Fossil teeth suggest earlier entry of modern humans into SE Asia

Arts News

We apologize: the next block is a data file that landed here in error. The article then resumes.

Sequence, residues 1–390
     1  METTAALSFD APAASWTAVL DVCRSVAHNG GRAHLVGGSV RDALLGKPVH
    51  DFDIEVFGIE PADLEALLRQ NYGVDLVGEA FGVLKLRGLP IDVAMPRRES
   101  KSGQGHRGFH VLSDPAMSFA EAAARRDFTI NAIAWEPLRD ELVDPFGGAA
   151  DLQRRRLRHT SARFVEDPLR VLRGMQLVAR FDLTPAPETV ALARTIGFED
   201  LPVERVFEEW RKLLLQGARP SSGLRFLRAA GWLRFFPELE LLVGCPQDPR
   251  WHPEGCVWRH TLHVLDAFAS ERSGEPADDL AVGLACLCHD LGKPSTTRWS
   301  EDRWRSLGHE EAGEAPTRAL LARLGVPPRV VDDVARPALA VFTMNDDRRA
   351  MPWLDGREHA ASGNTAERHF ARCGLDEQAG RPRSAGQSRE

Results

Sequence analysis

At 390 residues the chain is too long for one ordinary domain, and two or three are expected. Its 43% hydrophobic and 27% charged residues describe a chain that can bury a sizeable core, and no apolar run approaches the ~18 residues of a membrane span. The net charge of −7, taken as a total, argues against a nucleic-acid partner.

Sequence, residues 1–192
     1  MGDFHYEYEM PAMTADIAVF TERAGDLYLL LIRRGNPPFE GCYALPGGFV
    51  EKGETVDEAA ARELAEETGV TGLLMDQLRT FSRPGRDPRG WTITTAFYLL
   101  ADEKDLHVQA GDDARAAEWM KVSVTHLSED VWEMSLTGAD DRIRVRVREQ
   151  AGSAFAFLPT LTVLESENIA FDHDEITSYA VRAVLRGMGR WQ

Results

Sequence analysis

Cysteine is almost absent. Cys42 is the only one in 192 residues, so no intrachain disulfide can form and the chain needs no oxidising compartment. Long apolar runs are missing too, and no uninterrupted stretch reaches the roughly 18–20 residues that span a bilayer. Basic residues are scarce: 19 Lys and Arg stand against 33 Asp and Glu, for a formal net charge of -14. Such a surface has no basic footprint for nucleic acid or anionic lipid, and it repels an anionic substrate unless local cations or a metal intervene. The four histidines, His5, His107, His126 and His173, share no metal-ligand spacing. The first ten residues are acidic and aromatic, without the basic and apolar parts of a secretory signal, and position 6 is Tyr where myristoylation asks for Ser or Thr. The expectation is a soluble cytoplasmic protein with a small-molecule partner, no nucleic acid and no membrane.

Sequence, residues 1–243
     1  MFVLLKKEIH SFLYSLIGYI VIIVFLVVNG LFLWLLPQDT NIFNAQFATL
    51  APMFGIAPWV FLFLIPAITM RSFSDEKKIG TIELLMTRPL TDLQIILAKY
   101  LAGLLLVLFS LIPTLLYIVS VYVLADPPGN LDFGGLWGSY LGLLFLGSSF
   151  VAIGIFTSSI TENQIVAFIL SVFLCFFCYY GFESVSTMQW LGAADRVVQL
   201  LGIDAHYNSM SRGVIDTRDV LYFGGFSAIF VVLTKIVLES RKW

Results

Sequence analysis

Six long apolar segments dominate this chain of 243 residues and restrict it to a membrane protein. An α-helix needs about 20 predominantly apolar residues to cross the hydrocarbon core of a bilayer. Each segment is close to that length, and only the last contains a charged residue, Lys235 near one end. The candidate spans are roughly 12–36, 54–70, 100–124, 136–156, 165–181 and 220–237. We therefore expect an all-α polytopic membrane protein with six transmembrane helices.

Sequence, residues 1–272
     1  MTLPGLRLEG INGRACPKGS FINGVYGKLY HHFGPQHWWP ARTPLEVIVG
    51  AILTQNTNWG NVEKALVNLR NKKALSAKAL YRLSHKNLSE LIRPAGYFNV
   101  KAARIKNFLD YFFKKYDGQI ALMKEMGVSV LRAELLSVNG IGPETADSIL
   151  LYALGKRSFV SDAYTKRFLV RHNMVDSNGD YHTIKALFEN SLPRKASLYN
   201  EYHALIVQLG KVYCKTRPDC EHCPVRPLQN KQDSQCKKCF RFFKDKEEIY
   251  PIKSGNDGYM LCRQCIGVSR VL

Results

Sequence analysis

New dating of teeth from a cave in western Sumatra, Indonesia, suggests that modern humans were present in tropical southeast Asia earlier than previously thought. ‘Using the latest investigative techniques we have been able to show that the teeth are definitely modern human, and they date from at least 63,000 years ago,’ says Prof Chris Stringer, one of the Natural History Museum‘s human origins experts and co-author on the study. This early date complicates the current scientific consensus of when modern humans spread from Africa to populate the rest of the world. ‘They add to a growing picture that Homo sapiens was spreading through Asia towards Australia before the date of around 60,000 years ago usually assigned to the main Out of Africa dispersal,’ says Prof Stringer. Earlier work on the site and specimens was carried out by two Dutch

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